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Do Police Officers Need to Read Your Miranda Rights?

Understanding the Legal Protocols for Arrests

In modern television and film, the recitation of Miranda rights is a climactic plot point, showing a criminal being brought to justice – or set free in the event that the defendant was never informed of their rights. Unfortunately, we can’t always believe everything Hollywood teaches us. While failure to “Mirandize” a suspect does impact the case, an individual cannot be released simply because they were not given a Miranda warning.

What Are My Miranda Rights?

Miranda rights protect criminal suspects by requiring law enforcement to remind them of their Fifth and Sixth Amendment rights before any interrogation. This requires the interrogating officer to convey to the accused that:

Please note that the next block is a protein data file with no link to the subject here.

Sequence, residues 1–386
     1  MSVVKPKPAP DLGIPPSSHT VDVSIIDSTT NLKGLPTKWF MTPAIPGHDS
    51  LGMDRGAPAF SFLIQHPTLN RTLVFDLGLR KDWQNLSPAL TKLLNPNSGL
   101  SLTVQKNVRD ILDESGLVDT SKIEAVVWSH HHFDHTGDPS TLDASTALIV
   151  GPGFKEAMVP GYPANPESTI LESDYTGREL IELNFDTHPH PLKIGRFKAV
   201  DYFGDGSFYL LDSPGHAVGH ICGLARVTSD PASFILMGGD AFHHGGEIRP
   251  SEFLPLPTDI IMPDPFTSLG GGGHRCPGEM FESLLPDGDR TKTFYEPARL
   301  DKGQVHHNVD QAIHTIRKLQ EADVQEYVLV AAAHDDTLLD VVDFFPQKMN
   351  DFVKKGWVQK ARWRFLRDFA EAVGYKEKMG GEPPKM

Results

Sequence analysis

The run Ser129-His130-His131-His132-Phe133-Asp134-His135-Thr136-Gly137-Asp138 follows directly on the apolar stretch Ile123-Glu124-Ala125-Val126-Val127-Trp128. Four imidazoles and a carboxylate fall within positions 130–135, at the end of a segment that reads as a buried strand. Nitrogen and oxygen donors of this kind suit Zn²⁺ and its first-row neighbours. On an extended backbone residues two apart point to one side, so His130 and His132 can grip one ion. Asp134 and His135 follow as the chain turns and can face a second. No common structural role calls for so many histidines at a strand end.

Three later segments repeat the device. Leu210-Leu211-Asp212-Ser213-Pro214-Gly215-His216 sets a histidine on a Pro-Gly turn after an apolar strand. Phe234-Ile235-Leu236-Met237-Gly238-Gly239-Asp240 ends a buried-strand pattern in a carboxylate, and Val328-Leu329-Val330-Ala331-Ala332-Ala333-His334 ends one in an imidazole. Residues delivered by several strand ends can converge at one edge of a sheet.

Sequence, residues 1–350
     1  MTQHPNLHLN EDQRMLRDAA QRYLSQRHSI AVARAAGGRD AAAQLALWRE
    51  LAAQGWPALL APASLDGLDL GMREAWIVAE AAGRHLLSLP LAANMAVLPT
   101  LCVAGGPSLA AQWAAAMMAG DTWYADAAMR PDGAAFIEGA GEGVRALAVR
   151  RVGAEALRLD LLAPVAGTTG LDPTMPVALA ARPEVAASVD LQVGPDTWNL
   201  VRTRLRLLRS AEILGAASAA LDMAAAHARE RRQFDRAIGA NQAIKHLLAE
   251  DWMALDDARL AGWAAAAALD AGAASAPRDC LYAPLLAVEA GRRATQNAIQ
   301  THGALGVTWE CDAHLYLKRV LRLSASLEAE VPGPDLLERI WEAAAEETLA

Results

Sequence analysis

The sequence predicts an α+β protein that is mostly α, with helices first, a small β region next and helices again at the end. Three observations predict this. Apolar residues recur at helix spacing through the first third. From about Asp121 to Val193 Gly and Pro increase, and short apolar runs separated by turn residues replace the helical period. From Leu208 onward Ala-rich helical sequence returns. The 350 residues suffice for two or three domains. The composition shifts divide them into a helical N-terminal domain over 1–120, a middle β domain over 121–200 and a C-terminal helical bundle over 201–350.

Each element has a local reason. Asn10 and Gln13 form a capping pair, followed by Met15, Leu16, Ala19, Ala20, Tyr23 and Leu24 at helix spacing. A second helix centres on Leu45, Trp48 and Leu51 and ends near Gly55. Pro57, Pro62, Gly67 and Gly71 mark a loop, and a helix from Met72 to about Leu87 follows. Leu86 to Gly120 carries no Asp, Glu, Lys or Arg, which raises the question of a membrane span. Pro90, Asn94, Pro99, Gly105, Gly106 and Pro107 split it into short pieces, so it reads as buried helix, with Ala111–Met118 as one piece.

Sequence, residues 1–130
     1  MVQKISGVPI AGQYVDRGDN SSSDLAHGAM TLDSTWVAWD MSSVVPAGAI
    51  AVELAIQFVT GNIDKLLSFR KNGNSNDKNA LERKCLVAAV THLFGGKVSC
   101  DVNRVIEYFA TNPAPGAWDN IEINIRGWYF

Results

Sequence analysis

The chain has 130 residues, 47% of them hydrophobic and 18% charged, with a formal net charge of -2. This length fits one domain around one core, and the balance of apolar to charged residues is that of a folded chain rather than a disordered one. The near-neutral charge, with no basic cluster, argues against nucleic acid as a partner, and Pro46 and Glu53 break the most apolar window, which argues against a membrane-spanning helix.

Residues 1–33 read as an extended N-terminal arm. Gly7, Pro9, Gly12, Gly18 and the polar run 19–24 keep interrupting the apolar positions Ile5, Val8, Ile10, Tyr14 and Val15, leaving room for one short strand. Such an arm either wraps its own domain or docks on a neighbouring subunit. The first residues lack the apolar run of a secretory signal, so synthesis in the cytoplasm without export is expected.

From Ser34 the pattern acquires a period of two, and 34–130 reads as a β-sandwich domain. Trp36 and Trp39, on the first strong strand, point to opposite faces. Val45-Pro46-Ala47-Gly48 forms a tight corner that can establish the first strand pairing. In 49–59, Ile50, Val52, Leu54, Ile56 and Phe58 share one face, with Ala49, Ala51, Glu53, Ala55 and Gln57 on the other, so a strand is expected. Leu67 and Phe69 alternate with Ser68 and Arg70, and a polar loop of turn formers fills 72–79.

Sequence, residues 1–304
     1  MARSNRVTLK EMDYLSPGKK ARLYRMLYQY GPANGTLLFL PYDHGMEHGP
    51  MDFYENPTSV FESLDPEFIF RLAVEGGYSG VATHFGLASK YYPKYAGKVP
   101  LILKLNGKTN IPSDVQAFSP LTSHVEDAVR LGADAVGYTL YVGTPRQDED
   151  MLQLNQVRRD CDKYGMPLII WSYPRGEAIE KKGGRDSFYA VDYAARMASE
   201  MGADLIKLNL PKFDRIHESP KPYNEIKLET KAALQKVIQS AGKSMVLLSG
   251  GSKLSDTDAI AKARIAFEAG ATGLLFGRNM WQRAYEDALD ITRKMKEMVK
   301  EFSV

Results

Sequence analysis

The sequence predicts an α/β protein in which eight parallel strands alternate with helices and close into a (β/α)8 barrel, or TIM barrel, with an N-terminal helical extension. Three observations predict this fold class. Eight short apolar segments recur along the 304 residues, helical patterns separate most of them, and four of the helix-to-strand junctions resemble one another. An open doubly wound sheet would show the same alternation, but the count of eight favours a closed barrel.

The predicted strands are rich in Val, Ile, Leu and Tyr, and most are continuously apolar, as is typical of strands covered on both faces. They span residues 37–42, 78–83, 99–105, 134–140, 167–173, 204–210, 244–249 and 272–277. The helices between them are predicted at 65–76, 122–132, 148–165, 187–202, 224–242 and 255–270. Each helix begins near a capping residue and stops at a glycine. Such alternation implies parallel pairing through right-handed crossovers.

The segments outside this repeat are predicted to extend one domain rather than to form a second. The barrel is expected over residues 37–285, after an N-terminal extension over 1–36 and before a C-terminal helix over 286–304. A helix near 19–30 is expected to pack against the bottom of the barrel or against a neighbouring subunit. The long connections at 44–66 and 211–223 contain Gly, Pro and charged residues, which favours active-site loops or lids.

• They have the right to an attorney
  • Anything they say can be used against them in court
  • They have the right to an attorney during any questioning
  • A lawyer will be provided for them if they are unable to afford one on their own

When an Officer Must Read Your Rights

If an individual is in custody, they must be read their rights before any questioning can begin. Without reciting these rights, the answers generally cannot be used as evidence in court.

When an Officer Is Not Required to Read Your Rights

Officers are only required to provide a Miranda warning when someone is in police custody. So, if an individual has not yet been arrested, law enforcement can ask questions and use responses as incriminating evidence in court.

What Happens When an Officer Fails to Provide a Miranda Warning

A common misconception is that, if a police officer doesn’t read a suspect their rights, their case is dismissed. While this is untrue, failure to read one’s rights does have an effect on the case. Without a proper Miranda warning, any responses to the ensuing interrogation will generally be ruled inadmissible in court.

For more information about your rights, and help defending them, contact Hester Law Group.

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